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Re: Tools

Erik wrote:

I'm replying in private to the parts that are getting off topic... The
rest is posted in the newsgroup!

> > Oops, I meant Quake 3: Arena, by the way! :-)
> ahhh, different game :) q3 barely sludges along on this thing, I was
> playing it on a p166/48m with a v2 and at a noticable disadvantage to
> my coworders (all v3's on 400's with 128m ram)... i was only leading
> them by a little bit :) One thing I'd like to say is that my coworkers
> became very envious of my stability. They would crash many times a night
> and I would have no reboots or anything, I just kept going. My boss was
> asking a lot of questions about office productivity stuff, so I got to
> show him stuff like star office. Unfortunantly he chickened out, but
> I may still turn him :)

Me, I am currently *crap* at Quake3. I just made the transition from
being a pretty good deathmatcher at Doom2 (played Quake2 single-player
briefly), but the catch was that I played with the keyboard! With Doom
adjusting the elevation of my shots automatically, it was cool, but for
Quake, I had to go to the mouse. Now I suck. :-)

I am getting Linux into the place around here, workstation by
workstation, server by server... ;-)

> > Hmm, G400 are okay, but trailing in most benchmarks and tests (I look at
> > Tom's Hardware and Ars Technica every once in a while). nVidia hardware
> > seems to be the best, with TNT2 Ultra and GeForce 256, but Voodoo3
> > hardware seems to be the biggest bang for the buck, mostly lacking in
> > the visual departments (only 16 bit and picture always look too dark
> > with the 3Dfx chipset, dunno why).
> I read a couple reviews and comparisons in gaming magazines, and they
> seem to indicate that g400's are "ok" speedwise, but offer better visual
> quality. These were before geforce256, so I d'no how that compares :) I've
> talked to people who have g400's and they say that they run really well on
> linux. If matrox would give the "utah" drive ppl the rest of the
> information, I think that the millenium cards will be pretty hot under
> linux :) I still have time to consider the options, and I will definitly
> do more research.

Well, for the visual quality among the top 3D cards, the Voodoo is
clearly lagging behind, with 16 bit color depth only. Both the G400 and
the nVidia family of 3D cards will look better, with similar quality
between themselves. The G400 cards are at the slower end of the
spectrum, with the TNT2 and Voodoo3 near the top. The TNT2 Ultra is the
established king of consumer 3D cards, but the GeForce 256 is even
better, but its hardware matrix transformation ability isn't used at its
best by games yet. The advantage is that you can disable dynamic level
of detail in Quake3 and stick the level of detail at the maximum all the
time, it doesn't sweat the high level of polygons at all!

> I saw corel :) with it's "insert the cd in windows and click this" install
> and everything... :) I used to use redhat, and I personally feel 4.x was
> their high point. I got frustrated with their scripts and how flaky rpm was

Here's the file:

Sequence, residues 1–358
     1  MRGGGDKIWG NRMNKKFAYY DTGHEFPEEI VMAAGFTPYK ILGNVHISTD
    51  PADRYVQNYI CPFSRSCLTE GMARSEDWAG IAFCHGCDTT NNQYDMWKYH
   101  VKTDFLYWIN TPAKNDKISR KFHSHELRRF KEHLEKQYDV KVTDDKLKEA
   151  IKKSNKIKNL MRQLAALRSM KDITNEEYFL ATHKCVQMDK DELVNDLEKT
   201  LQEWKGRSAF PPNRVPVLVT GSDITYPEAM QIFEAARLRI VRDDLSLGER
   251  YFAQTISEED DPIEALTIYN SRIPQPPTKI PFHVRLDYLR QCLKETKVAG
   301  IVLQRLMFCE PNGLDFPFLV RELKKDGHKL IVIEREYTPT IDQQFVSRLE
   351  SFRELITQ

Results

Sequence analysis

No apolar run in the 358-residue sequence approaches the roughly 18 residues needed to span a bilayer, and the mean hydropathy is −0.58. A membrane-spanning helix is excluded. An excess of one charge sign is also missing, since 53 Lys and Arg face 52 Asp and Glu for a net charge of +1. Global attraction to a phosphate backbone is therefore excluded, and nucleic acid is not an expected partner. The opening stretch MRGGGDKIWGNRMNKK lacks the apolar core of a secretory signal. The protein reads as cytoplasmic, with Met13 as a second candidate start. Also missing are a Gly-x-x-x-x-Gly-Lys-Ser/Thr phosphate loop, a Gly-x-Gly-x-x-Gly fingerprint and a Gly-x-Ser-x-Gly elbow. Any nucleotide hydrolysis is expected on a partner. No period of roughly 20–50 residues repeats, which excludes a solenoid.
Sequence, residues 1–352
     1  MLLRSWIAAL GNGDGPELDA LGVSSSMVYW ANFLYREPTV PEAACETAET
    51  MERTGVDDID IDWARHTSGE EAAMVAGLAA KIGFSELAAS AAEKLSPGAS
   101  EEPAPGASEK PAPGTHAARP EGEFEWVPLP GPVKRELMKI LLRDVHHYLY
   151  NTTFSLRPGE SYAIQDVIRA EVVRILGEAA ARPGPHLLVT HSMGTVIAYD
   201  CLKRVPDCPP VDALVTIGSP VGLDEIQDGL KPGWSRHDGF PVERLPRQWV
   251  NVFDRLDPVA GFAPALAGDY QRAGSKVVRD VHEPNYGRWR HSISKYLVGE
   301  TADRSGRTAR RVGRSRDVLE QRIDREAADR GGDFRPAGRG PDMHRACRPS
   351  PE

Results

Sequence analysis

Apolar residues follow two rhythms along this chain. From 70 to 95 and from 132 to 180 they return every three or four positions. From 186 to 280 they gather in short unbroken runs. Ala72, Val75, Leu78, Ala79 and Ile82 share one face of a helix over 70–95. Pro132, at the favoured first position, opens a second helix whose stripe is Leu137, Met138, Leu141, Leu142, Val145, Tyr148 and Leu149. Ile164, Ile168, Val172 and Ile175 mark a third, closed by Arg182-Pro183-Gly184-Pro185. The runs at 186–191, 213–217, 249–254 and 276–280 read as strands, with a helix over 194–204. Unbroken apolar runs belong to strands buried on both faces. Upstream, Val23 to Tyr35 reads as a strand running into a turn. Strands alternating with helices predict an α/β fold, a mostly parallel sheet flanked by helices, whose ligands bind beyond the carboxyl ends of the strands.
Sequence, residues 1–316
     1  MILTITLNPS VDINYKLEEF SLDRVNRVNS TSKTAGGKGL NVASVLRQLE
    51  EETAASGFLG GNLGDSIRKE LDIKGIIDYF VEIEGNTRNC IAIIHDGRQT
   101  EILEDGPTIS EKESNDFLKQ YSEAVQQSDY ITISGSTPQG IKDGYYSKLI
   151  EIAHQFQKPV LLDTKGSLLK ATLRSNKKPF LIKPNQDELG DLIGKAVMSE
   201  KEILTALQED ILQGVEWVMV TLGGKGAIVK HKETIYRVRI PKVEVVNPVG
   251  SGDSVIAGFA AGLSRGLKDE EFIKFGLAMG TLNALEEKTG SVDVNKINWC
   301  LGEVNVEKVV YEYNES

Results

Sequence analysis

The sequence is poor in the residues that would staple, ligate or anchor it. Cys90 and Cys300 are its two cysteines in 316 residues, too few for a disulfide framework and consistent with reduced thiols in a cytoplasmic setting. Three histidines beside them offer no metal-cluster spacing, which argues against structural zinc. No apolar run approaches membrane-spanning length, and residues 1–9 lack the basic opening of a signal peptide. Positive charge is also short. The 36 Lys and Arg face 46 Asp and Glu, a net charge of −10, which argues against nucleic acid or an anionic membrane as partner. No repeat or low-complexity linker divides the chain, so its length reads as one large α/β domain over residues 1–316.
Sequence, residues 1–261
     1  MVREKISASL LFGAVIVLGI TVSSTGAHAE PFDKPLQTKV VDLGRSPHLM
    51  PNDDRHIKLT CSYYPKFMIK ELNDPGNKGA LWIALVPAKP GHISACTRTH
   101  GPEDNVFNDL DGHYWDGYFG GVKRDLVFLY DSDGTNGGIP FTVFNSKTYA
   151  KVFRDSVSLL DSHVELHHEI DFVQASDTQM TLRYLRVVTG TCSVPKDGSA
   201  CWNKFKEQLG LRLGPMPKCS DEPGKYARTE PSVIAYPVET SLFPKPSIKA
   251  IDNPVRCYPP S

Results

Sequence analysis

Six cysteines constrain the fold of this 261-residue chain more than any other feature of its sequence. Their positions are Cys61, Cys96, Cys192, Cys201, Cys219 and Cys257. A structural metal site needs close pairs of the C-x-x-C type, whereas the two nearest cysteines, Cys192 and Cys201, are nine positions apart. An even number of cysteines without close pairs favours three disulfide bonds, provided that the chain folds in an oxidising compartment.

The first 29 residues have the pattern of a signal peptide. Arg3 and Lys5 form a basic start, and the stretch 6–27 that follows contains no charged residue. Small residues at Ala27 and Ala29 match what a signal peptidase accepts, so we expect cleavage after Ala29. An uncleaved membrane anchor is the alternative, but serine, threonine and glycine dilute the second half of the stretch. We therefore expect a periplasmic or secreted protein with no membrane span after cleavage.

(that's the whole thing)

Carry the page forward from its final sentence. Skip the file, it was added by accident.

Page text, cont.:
> so I switched to debian. I got into linux in '96 and I always remember it
> being rc?.d and sysv-ish.

I tried once installing Debian on a spare laptop using a CD-ROM from VA
Linux that I got at Supercomputing '99, and no success. It was *very*
cryptic for somebody that doesn't know about the specifics of Debian (I
installed various Unixes and Linuxes, from Solaris and AIX to SUPER-UX
and from Slackware to Red Hat). I don't remember very well, but I
remember that the first part of the installation was okay, but after
booting the minimal system where I was supposed to install the rest of
the packages, I couldn't get to install anything more! It asked me for
paths where the defaults wouldn't work, etc...

It asked me two or three times for the CD-ROM device, which I found very
doubtful (Red Hat doesn't ask at all). But the whole thing had the smell
that it was done the Right Way, even if the corners were more than a
little rough!

> > What *wasn't* nifty with Corel (Debian also?) was network interfaces
> > configuration. All in a single file. With variables, oh, so friendly! I
> > like the "ifup" and "ifdown" scripts in Red Hat a lot, if they weren't
> > already there, I'd do them myself! See, maybe I'm not a beginner and I
> > am rather experienced, but I don't have time to lose on fiddling in
> > files when it could *easily* be faster ("easily" as in "without
> > compromising my control").
> debians got ip-up and ip-down.... I d'no, I never use 'em anyways. I like to
> scrap together my own scripts, it's a nominal amount of effort :)

Yes, I know, but from nominal effort to nominal effort, this get you a
*huge* total amount of work!

For me, the Red Hat kickstart installation feature is very nice, as I
have one kickstart file for the network here. When I get a new machine,
I just start the thing off and let it do all the work for me (that's why
I we use computer for, right?). As for knowing what goes on under the
hood, I had to make that kickstart file, eh? :-)

Pierre Phaneuf
Ludus Design, http://ludusdesign.com/
"First they ignore you. Then they laugh at you.
Then they fight you. Then you win." -- Gandhi